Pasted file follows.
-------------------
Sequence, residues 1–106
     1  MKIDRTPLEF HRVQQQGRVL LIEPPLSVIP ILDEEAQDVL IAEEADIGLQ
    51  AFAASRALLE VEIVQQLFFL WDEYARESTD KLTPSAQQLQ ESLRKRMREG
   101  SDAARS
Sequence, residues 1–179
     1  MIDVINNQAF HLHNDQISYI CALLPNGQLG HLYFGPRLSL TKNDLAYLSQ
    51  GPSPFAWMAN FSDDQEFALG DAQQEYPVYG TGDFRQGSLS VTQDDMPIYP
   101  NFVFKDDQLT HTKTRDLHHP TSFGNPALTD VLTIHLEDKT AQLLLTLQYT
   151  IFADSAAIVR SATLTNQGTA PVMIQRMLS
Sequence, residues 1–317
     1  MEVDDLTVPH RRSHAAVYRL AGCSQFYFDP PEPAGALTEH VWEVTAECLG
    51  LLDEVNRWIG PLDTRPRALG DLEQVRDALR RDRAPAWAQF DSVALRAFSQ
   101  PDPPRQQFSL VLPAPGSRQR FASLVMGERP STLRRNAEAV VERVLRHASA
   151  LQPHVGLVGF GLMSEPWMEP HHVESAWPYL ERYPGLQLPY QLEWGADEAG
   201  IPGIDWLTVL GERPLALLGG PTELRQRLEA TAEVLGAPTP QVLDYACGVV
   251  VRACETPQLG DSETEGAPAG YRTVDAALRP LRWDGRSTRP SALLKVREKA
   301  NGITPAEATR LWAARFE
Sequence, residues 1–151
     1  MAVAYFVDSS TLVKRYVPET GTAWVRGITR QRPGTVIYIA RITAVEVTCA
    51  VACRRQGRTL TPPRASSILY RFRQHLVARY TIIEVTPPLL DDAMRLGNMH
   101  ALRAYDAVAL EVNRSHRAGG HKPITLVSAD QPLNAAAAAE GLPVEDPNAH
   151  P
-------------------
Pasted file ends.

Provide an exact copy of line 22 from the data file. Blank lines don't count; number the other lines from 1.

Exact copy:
   151  P